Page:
On the 6th of May, Francois Hollande was elected as the President of the 5th Republic of France, making him the second left-wing candidate to achieve office. Hollande led the Parti-Socialiste into victory with 53% of the votes, defeating incumbent President Sarkozy of UMP (Union of Popular Movement).
Parti-Socialiste’s historic victory was welcomed by hour long celebrations of tens and thousands of French citizens who “stormed” the Bastille, tapping into the legacy of revolutionary France: this was an astonishing sight of passion for an election that was deemed un-inspirational only a few weeks prior the vote.
Commentators claimed that the high 80% turnout rate for both rounds of voting, which is non-compulsory in France, was out of a sense of civic duty, not the prospect of radical change. Major French media consistently reported a mixture of cynicism among Hollande’s supporters. His supporters do not expect a leftist revolution; rather, they wanted right-wing Sarkozy out of power. Sarkozy is perceived by many as having failed France and Europe with his conservative and pro-austere politics.
During the election campaign, the contrast between the public images of Hollande and Sarkozy provided the backdrop for all major issues, from immigration to the future of Europe. Hollande has publicised himself as ‘Mr Normal’, whereas Sarkozy is referred by the French Media as ‘Mr Bling Bling’ because of his luxurious lifestyle. The ‘Mr Normal’ image aims to emphasise Hollande’s commitment to addressing the interests of ordinary French citizens, in particular in regards to social economic justice, a concern heightened since the Euro Crisis started.
Hollande has developed policies such as the fat cat tax whereby every dollar earned over 1,000,000 EU p.a will be taxed at 75%. Sarkozy proposed different tactics for reducing France’s national debt; he promised to reduce immigration (blaming immigrants for France’s economic woes) and lower public spending. Some French citizens believe that these are the most pragmatic tactics, and are sceptical of Hollande’s inexperience (he has never held a Ministry position). However, the majority were tired of Sarkozy’s repeated failures to improve France’s economic situation during his five year presidency. Hollande’s approach to policy makes economic inequalities and unemployment problems moral and classist issues. This made Hollande a real alternative to Sarkozy; however for some voters Hollande and Parti-Socialiste is not radical enough.
In the French election, smaller parties were influential in determining the final results, especially the two more radical parties. Philosophy graduate Jean-luc Mélenchon, the radical left candidate for Front De Gauche, argues that neo-liberalism is morally and economically flawed. Mélenchon’s most controversial policy is capping salaries at €360,000. When asked if this policy would drive entrepreneurs overseas, he simply replied “good riddance”. This was predicted to destroy Mélenchon’s campaign, but instead his vote grew from 5 % to 11% of the final vote. His growth in popularity indicates that France wants to shift away from economic and political reforms which favour the rich. At the height of his popularity Mélenchon was gaining 16% of the votes, and Hollande was pressured to assure his supporters that he has clear left-wing policies which benefit the poor, the working class, females and minority ethnic groups.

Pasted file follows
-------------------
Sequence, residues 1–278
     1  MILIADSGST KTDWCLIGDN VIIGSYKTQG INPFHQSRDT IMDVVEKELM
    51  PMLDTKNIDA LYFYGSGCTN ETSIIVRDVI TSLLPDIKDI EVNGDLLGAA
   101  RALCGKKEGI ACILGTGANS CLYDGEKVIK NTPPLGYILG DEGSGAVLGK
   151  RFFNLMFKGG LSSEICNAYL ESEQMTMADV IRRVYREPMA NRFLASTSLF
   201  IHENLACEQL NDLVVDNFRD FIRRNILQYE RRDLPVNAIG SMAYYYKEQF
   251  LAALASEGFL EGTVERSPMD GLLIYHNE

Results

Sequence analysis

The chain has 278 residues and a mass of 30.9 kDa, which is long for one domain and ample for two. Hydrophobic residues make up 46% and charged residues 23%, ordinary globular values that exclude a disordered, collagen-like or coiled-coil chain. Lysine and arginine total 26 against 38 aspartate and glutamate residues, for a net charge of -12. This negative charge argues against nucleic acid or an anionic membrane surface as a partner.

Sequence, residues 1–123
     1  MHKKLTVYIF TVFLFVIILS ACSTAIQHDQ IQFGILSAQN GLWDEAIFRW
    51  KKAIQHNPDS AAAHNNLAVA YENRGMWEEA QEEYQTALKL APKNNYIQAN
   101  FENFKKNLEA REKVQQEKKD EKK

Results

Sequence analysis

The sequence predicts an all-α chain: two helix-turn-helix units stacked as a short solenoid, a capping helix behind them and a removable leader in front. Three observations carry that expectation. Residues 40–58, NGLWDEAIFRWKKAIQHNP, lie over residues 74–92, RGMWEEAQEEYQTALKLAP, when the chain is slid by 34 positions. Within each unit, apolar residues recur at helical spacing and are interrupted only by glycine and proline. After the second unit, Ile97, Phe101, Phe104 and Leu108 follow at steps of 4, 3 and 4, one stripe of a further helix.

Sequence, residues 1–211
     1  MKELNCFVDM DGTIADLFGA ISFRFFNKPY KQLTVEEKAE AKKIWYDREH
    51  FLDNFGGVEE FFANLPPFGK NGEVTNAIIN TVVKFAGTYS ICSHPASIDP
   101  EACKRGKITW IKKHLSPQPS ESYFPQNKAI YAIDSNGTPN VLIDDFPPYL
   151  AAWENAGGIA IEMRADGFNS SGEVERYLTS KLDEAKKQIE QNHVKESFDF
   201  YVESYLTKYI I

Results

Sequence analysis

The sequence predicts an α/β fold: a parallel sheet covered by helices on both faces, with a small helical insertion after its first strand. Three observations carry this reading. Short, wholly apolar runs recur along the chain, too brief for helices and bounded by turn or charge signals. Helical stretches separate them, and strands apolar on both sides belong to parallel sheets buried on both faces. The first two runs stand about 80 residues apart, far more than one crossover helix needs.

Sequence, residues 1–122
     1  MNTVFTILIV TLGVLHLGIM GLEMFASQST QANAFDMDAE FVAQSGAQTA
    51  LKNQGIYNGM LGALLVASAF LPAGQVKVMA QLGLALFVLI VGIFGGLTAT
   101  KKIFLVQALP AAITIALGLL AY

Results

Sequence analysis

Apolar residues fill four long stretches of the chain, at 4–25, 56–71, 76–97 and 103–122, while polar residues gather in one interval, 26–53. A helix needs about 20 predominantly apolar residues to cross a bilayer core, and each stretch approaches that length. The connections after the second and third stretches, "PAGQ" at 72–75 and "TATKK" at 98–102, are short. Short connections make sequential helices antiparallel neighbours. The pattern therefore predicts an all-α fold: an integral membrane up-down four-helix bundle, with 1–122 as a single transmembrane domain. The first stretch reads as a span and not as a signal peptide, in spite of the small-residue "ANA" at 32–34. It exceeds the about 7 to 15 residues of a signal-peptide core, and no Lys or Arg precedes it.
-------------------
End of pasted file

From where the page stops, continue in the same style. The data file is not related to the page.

The radical right National Front has been on the rise since 2002. In this year’s election, their candidate, Marine Le Pen, won 17% of the vote. Although Le Pen and Sarkozy share anti-immigration policies which are Islamophobic, Le Pen holds stronger appeal for the working class who suffer from unemployment and feel neglected by mainstream political parties. National Front has in the past been perceived as a marginal and racist party. They have rebranded themselves by appealing to rural workers and proposing a complete from the EU; because they compromise national sovereignty. Le Pen represents the complexity of French elections. On one hand she conflicts with the rising left but her popularity adheres to new focus on economic justice and the failings of the current system.
In his election victory speech, Hollande thanked his voters for trusting him to create a new, brighter future for France. He both respects and recognises that France needs to evolve in an increasingly global world by welcoming immigration and celebrating the diverse backgrounds of France. Hollande’s newly picked cabinet reflects this new vision of France; the positions are filled by Ministers with a range of ethnic backgrounds, half of whom are female (compared to the 26% average of Europe). Hollande has already reversed Sarkozy’s pension law which increased the retirement age, and capped all executive pay of state controlled companies to €450,000. Most importantly, he has won an absolute majority in the Parliamentary Elections, giving Parti-Socialiste the power to implement their election promises.
Despite this encouraging start, Hollande’s biggest battle remains curbing rising unemployment and negotiating a viable future for the EU. Since the election victory there has been much speculation about the prospect of an overall political shift to the left in Europe. This has been reinforced by the backlash against austerity measures in the recent Greek elections, and the fact that Hollande will not resume Sarkozy’s partnership with German Chancellor Angela Merkel in promoting austere reforms. During this volatile time in European politics, it remains uncertain if he will be able to spark a new left and anti-neoliberalism trend in Europe. Regardless, Hollande’s victory through appealing to increased economic justice and more socialist policies demonstrates that there is both a hunger and potential for real change.